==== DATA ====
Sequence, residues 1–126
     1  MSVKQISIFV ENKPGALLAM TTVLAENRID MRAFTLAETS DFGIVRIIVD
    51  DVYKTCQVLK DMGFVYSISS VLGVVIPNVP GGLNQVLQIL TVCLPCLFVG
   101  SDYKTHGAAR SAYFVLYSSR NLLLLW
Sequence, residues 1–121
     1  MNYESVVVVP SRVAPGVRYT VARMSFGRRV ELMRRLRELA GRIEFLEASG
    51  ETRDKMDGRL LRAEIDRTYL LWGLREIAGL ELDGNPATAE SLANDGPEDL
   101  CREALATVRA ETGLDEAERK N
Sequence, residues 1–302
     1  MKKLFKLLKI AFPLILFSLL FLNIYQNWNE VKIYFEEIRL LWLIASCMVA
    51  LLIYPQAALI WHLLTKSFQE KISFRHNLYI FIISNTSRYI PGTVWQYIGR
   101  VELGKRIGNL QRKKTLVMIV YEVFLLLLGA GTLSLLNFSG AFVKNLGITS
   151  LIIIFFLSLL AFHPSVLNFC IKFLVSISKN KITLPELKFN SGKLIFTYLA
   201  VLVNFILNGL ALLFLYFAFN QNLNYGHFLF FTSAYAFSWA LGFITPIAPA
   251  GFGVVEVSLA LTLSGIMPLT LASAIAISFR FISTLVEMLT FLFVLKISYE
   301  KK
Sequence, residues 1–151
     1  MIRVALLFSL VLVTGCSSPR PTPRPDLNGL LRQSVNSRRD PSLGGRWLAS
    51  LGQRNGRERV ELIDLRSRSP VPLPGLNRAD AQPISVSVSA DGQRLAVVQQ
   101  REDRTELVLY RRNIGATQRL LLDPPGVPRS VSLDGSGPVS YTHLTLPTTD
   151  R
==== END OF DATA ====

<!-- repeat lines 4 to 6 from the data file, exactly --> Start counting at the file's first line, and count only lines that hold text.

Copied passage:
   101  SDYKTHGAAR SAYFVLYSSR NLLLLW
Sequence, residues 1–121
     1  MNYESVVVVP SRVAPGVRYT VARMSFGRRV ELMRRLRELA GRIEFLEASG